BlogWalker

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Blogging with 4th Graders

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Before the Winter Break, I introduced the 4th grade teachers in my EETT grant to blogs and blogging during a 3-hour whirlwind workshop. With only a week left before vacation, already several went “live” with their blogs and invited their students to post comments, noting that their students immediately took to blogging. One of the great things about introducing Web 2.0 tools is that kids like technology.

I am pretty sure that students who read and respond to blogs regularly – especially beyond the school day – are building their reading skills. But my EETT grant was funded based on my argument that students at three of my district’s lowest-performing elementary schools would improve their writing skills by integrating multi-modal, multimedia tools and strategies into the English/Language Arts program. The tools (blogs, podcasts, wikis, VoiceThread, and video editing) are only half of the program. Area 3 Writing Project Teacher Consultants are providing the other half: teacher-tested writing activities and strategies that have transformed writing in their own classrooms – and have helped raise scores on the 4th grade paper-and-pencil state writing assessment.

Technology is not a silver bullet. But if you combine powerful writing strategies – such as introducing emerging writers to the concept of strong verbs and prompting them, for example, to locate strong verbs in other bloggers’ posts and to respond with at least one strong verb – with Web 2.0 tools, then I predict this group of 4th graders will become better writers.

Over the break, I’ve been reading some outstanding posts by Silvia Tolisano, Kim Cofino, and Kevin Jarrett.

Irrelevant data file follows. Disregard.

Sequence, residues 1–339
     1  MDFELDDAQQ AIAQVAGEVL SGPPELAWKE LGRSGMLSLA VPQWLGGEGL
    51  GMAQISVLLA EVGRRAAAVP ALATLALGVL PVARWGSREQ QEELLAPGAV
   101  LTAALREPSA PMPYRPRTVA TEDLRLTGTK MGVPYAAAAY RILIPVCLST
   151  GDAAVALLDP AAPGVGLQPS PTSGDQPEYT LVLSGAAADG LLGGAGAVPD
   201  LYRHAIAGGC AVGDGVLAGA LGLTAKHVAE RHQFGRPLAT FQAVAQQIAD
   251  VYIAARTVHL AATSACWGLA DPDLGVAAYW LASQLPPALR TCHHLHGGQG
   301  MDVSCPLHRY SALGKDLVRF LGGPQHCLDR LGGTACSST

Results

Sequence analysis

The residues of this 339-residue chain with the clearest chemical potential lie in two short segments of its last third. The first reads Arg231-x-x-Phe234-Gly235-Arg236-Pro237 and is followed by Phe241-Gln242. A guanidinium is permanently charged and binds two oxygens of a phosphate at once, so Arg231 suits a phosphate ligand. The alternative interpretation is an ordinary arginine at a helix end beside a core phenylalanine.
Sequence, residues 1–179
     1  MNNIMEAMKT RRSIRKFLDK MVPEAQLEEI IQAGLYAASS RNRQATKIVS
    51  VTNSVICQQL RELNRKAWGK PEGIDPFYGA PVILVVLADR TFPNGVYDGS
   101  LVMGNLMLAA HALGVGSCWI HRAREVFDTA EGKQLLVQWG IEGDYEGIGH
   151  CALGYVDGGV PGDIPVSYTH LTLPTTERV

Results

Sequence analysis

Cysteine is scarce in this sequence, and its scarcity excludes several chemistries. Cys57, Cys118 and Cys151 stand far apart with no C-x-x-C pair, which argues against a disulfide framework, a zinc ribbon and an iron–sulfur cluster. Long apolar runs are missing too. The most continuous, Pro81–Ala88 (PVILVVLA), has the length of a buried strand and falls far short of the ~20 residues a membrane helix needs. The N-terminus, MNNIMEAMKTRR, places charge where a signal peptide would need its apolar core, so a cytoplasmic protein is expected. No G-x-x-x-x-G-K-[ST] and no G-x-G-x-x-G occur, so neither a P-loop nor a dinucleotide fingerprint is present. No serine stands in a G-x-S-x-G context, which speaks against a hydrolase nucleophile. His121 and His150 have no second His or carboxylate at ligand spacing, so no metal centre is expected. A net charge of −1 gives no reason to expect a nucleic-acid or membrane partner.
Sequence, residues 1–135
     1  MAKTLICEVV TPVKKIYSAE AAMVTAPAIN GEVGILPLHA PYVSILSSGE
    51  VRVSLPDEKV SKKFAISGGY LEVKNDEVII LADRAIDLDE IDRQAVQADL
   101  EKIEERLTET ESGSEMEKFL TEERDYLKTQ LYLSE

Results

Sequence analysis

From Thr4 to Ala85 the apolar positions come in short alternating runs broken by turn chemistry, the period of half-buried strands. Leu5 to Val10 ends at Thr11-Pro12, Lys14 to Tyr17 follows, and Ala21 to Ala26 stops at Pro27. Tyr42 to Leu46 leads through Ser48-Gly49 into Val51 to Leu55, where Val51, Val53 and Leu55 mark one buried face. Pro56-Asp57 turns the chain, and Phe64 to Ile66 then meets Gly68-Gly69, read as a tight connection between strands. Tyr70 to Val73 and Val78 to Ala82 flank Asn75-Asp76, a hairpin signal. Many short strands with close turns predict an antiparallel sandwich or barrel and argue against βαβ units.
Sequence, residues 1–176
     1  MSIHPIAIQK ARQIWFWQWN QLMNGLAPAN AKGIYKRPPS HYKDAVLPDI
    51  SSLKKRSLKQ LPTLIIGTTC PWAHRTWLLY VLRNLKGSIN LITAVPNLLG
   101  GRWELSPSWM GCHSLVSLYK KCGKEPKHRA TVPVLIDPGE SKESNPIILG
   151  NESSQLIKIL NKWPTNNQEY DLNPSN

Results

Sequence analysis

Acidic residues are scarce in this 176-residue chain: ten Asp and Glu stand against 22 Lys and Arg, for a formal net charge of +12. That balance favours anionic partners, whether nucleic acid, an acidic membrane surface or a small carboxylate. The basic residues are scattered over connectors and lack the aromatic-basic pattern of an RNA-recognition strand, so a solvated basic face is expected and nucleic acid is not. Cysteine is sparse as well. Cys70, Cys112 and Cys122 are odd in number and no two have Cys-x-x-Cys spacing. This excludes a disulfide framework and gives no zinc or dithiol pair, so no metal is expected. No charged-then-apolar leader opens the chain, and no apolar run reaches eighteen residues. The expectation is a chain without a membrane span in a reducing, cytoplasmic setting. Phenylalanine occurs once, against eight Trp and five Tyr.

Drawing from many of the ideas and resources they’ve shared, here is my agenda for Tuesday’s EETT workshop:

Opening Session: Revisiting Blogs and Blogging

  • The Big Question: How can blogging help YOUR students?
  • End with my Sacto neighbor and thinking partner Alice Mercer’s video on Blogging with Students

Morning Workshop: Summary Writing – Facilitated by A3WP 4th grade teachers Angela Luna and Heather Koczian.

Afternoon Session = Podcasting for Absolute Beginners*

  • Start with a brief PowerPoint. I’m providing handouts for teachers to note how they will integrate podcasting – and summary writing – into their classrooms.
  • Introduce Audacity
  • Hands-on time for teachers to experiment with their first podcasts
  • End session with demo on podcasting from a cell phone via Gcast
  • Wrap Up – Sharing of ideas for incorporating podcasting – as a writing strategy – into the 4th grade curriculum.

*Note: I’ve posted links to podcasting tutorials and resources on ToolKit4BlogWalker.

As we move through this grant year, it is my hope that through access to powerful writing strategies and access to technology tools that provide authentic audience and authentic purpose, this group of 4th graders will experience academic growth – and excitement – and will add writing (most likely online writing) to their list of favorites.

Image copied from http://langwitches.org/blog/wp-content/uploads/2008/12/blog-stickies.jpg

5 Comments

  1. Gail! Wonderful connecting with you over break. Good luck with your workshops! Your participants are in for a treat! -kj-

    • Kevin, besides an awesome group of teachers, my grant evaluator, Carl Whithaus, is the icing on the EETT cake. He is a young Ph.D at a nearby university, whose thesis was on digital writing. I’m really excited for the opportunity to move beyond anecdotal evidence on the value of Web 2.0 in the elementary language arts program to a research-based approach.

  2. Looking forward to hear about the outcome of your presentation. Would love to compare notes AFTER the blogging lessons with our elementary school students.

    • Thanks, Silvia. I really appreciate all the wonderful resources you’ve posted to your blog. Our next EETT session, following Tuesday’s summary writing/podcasting combo, will be response to literature/collaborative writing. I’ll be heading back to your blog for links to your VoiceThread resources.

  3. I’m excited to have found a fellow teacher blogger exploring blogging with students. I look forward to following your journey, learning alongside you.

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